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Car-Free Streets

It Only Takes a Few Well-Placed Bollards to Make a Midtown Block Safe From Vehicular Assault

This is what 43rd Street looked like when the city made it car-free for an afternoon. Photo: David Meyer

Mayor de Blasio plans to install 1,500 metal bollards along Midtown sidewalks, at a cost of $50 million, to keep pedestrians safe from vehicular attacks.

Basic details like the location of the bollards are still to come, but yesterday's announcement set off two alarms: the high cost for what should be a relatively straightforward installation, and the sneaking suspicion that the bollards will narrow scarce sidewalk space and hem pedestrians in. While there's no doubt that NYPD's janky temporary barriers need to be replaced, it would be a terrible mistake to replace clumsy short-term security theater with clumsy permanent security theater.

Without getting into the weeds of NYC's absurdly inflated construction costs, there is an easy way to address both issues.

Instead of squeezing already cramped sidewalks with row after row of bollards, the city can use far fewer bollards, at significantly less cost, to cork off busy Midtown blocks from car traffic, giving pedestrians much more freedom of movement.

A good starting point for discussion can be found in the Regional Plan Association's Fourth Regional Plan, which recommends a network of car-free streets and "low auto zones" in the busiest parts of Manhattan. RPA identifies several Midtown streets that should be pedestrianized:

Instead of spending $50 million on 1,500 metal bollards, the city could pedestrianize crosstown streets for much less money. Pictured: the Regional Plan Association's map of potential car-free and limited access areas in Midtown Manhattan.
Instead of spending $50 million on 1,500 bollards, the city could pedestrianize crosstown streets using far fewer bollards. Map: Regional Plan Association
Instead of spending $50 million on 1,500 metal bollards, the city could pedestrianize crosstown streets for much less money. Pictured: the Regional Plan Association's map of potential car-free and limited access areas in Midtown Manhattan.

City Hall could stretch its bollard budget much farther, getting far more benefits for public safety and public space, by corking off these streets.

NYC DOT has tested out the idea on a small scale. In September, the city set up a car-free trial for an afternoon on a block of 43rd Street near Grand Central Terminal, where pedestrians typically outnumber motorists 16-to-1. People immediately flocked to the new public space (above).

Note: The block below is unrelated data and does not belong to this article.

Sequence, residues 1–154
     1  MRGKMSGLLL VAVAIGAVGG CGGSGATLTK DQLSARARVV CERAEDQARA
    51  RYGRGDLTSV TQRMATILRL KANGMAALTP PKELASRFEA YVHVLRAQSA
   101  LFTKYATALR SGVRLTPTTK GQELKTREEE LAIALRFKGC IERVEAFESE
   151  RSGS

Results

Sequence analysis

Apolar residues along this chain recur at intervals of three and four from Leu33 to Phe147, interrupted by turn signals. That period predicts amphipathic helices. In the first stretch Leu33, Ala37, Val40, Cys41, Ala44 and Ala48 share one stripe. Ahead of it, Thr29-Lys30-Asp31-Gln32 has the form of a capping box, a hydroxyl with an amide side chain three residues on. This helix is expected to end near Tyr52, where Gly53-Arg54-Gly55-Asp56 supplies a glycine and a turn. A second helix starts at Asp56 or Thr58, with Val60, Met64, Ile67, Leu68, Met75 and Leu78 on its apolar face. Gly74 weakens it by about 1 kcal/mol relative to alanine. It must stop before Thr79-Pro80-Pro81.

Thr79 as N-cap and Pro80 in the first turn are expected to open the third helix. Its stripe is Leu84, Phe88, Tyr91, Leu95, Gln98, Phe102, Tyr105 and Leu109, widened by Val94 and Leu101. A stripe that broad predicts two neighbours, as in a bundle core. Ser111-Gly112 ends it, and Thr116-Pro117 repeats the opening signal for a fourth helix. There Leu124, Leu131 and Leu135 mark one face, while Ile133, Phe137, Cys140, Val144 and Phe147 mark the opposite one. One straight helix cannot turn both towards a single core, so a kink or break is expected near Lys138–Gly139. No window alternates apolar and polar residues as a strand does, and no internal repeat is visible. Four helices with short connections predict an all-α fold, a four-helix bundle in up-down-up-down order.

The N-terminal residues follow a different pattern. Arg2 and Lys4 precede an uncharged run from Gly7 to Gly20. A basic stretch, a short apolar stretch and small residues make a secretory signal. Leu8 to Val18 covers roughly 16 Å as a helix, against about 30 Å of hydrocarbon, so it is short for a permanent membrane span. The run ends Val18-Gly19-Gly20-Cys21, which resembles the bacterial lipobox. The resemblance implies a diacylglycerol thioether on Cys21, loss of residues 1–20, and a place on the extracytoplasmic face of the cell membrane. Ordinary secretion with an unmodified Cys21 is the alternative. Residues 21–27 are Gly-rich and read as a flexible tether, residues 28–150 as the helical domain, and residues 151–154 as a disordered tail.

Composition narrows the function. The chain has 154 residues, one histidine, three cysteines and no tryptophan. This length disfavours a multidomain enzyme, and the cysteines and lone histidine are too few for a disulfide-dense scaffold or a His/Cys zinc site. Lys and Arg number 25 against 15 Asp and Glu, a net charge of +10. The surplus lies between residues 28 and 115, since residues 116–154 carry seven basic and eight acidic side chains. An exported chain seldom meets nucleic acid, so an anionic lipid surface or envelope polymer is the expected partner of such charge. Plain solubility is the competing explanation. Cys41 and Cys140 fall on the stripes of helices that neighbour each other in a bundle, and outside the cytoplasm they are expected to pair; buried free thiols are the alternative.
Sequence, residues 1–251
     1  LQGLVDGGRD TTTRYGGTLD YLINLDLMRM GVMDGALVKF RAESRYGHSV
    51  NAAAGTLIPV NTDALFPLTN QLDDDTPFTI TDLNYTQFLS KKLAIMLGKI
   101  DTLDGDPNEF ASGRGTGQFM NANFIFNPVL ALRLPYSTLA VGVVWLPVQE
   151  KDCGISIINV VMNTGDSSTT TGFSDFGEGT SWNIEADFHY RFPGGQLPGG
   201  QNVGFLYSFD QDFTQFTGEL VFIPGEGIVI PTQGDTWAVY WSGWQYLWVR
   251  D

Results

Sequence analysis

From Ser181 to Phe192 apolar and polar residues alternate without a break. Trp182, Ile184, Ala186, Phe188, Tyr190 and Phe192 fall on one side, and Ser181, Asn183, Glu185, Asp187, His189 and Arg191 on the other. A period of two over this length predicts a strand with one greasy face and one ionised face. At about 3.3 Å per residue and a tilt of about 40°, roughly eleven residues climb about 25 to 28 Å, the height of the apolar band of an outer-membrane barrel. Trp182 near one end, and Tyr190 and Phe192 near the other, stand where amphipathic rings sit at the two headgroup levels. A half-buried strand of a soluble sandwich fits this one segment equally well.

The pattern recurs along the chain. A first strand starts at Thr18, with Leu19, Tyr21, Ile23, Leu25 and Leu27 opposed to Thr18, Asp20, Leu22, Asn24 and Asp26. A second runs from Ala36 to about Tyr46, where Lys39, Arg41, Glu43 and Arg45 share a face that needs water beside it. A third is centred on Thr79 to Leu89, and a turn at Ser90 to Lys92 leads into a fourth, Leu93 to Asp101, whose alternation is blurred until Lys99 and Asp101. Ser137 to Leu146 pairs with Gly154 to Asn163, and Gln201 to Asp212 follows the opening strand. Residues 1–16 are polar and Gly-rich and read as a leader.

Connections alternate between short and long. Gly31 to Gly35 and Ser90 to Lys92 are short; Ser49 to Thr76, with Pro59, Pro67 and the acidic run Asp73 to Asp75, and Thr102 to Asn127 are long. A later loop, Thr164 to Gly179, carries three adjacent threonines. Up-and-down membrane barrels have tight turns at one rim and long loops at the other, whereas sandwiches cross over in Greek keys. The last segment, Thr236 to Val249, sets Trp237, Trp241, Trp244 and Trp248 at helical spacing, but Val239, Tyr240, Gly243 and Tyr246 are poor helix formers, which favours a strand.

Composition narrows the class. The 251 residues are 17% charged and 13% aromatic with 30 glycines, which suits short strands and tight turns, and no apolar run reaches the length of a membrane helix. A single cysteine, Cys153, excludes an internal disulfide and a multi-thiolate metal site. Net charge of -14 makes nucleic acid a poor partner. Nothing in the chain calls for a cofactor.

East 43rd Street is set to become the city's next "shared street," where motor vehicle access is limited to deliveries and local pick-ups and drop-offs, and pedestrians take priority. But there's no reason to stop there. Other cities are using movable bollards to restrict vehicle access to downtown streets while maintaining or improving the pedestrian experience.

In New Orleans, the city recently installed bollards as a security measure to cork six blocks of Bourbon Street, reinforcing rules that ban cars at night. The inner two bollards in the picture below can be moved aside to let motor vehicles pass. Each set of four bollards cost $60,000 to install, according to the Times-Picayune.

Photo: Clarence Eckerson
Photo: Clarence Eckerson
Photo: Clarence Eckerson

In Cambridge, England, the city uses retractable bollards to selectively allow access to downtown streets to buses, taxis, and other permitted vehicles, creating a street environment that's much more conducive to walking and biking:

Photo: Clarence Eckerson
Photo: Clarence Eckerson
Photo: Clarence Eckerson

New York can't let the threat of vehicular attacks turn into a justification for diminishing public space. To prioritize safety for the hundreds of thousands of people who walk Midtown streets every day, the city needs to control the cars and give pedestrians more freedom.

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